We’ve all been in a situation where we’re faced with an ultimatum. Do we step up, or step down? Meaning, do we increase our efforts to make something happen, or do we quit before everything fails? This could be on a project, in a relationship, on a marketing campaign, a job search, a road trip gone awry, etc. There is an old story of a miner in Colorado giving up when he was just three feet away from striking literal gold. That’s the (metaphorical) risk we face. Do we walk away and risk missing the desired outcome? Or do we save our effort and resources for another endeavor?
The truth is, there is no universal tell for how to evaluate these types of situations. If there were, we wouldn’t have these dilemmas. That said, having a framework to evaluate will shed light on what the best option is. Here are pitfalls to avoid and questions to ask to guide the decision.
- Avoid the pro and con list. Legendary Marketing Executive Bozoma Saint John pointed out that p&c lists have their opposite effect. They’re either used to talk oneself into doing something they don’t want, or used to talk oneself out of doing something they do want.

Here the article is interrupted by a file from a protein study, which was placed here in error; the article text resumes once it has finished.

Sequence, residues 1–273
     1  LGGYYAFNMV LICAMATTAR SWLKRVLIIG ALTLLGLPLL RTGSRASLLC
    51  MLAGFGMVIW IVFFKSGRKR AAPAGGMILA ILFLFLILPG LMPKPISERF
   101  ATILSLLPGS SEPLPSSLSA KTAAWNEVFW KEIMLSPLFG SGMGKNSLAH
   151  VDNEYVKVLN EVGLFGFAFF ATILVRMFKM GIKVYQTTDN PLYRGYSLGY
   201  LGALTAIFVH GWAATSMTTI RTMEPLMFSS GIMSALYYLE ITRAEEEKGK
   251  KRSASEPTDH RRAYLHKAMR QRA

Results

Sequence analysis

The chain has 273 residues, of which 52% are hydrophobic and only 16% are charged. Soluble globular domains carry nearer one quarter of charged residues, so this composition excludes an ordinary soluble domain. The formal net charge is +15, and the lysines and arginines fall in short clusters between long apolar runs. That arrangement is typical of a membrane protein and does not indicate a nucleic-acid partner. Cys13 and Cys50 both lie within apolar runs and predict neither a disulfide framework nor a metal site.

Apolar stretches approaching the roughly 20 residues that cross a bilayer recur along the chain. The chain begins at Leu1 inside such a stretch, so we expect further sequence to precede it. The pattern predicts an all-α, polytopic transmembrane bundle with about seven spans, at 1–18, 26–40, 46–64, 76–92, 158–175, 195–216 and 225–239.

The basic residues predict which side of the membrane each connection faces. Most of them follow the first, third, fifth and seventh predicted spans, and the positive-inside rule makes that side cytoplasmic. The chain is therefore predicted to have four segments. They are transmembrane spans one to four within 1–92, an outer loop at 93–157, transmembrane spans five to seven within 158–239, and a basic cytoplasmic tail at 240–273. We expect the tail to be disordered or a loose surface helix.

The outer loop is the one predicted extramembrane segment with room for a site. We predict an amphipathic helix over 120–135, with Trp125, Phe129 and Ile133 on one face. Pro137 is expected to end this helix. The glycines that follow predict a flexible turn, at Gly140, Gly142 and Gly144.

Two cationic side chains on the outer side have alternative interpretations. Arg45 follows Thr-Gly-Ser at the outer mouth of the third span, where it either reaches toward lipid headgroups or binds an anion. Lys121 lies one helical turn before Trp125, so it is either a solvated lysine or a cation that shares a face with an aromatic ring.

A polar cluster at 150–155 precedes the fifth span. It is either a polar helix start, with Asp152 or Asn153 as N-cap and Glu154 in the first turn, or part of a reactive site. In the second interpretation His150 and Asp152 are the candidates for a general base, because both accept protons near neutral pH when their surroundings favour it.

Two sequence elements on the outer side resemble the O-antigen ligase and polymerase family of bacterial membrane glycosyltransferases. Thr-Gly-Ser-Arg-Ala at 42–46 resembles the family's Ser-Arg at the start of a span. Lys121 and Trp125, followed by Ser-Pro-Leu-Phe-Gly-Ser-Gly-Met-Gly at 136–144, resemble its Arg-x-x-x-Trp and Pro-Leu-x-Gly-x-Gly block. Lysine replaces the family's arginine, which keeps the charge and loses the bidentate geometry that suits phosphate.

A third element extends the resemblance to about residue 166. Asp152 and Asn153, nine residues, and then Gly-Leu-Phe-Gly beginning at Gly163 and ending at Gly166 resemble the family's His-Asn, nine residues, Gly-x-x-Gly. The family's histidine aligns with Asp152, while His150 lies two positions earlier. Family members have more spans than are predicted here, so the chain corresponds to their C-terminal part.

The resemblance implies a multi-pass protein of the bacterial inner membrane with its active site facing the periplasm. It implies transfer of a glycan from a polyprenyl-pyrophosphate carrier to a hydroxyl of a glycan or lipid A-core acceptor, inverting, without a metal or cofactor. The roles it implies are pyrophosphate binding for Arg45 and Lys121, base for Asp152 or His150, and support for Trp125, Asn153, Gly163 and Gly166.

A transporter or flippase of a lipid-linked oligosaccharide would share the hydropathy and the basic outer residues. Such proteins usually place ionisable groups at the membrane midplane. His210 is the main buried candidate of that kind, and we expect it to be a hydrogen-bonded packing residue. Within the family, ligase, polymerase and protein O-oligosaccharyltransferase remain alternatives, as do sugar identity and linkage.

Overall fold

- Focus on what can be controlled. Ask yourself, “am I putting in 100% effort on this?” if the answer is no, ask yourself what it would feel like to put in maximum effort. If it would feel good, then keep going. If it would feel bad, then consider pivoting.
- Consider a different way to approach the work. Part time? Take a week off and revisit? Maybe try the opposite approach for a bit.
- Recall the beginning of the project. What unknowns were assumed to hold a particular value? Based on what is known now, how far off were the assumptions? Does the new information point in a different direction?
- Avoid the sunk cost fallacy. Just because money, time and effort have been spent, do not blindly commit to spending more.
- Find someone who has been through a similar situation and ask a specific question.
- Ask, “What information would make this a no brainer?” Seek out that information.
Don’t forget, this is a starting point. It’s not an all encompassing, perfect framework. It’s meant to paint a situation with more color with a goal of striking gold.